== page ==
When developing theory, models and analyses, researchers must test mathematical tools against real neurological data. Ideally, scientists aim to reuse previously collected experimental data, but identifying and interpreting those data has long been a bottleneck for theorists. As the BRAIN 2025 Report states, “True partnerships between theorists and experimentalists will yield large dividends for almost every conceptual and experimental problem to be tackled under The BRAIN Initiative®.”
This desire to bring together theorists and experimentalists has gained significant traction in recent years, in part because of the innovative work of the Simons Collaboration on the Global Brain (SCGB). In 2016, as part of the annual Cosyne conference, the SCGB pioneered a speed-dating format where experimentalists and theorists with mutual interests could be ‘matched’ as a way to foster collaboration. The event has remained a part of the conference in subsequent years — it was so popular in 2017 that registration needed to be capped.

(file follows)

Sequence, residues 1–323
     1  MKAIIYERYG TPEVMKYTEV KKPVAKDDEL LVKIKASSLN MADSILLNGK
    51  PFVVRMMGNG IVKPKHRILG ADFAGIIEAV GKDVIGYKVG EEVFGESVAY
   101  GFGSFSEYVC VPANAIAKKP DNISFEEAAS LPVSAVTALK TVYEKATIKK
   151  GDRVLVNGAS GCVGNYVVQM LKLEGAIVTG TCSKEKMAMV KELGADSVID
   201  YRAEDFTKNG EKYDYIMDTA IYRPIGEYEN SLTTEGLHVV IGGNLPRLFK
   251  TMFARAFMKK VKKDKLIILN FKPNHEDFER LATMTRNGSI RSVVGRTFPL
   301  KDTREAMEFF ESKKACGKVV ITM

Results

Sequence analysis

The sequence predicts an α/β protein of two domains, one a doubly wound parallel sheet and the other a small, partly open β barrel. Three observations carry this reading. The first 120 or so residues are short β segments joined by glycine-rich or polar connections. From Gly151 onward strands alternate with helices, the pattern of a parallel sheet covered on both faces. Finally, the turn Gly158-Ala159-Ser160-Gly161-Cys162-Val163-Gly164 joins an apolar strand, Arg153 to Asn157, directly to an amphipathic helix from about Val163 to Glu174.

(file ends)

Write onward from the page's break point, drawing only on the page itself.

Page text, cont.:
But how can we, the neuroscience community, facilitate the interactions necessary to build partnerships in a pandemic-friendly virtual setting? Traditional collaborative opportunities rapidly declined with the COVID-19 pandemic, as many meetings went virtual, stifling the forums where scientists would meet each other and cross-fertilize their ideas. Though scientists have largely adjusted to this new format for presenting research, there is no substitute for the power of small, serendipitous, exploratory face-to-face conversations. (The virtual Neuromatch conference, which instituted its own version of virtual matchmaking, is an exception.)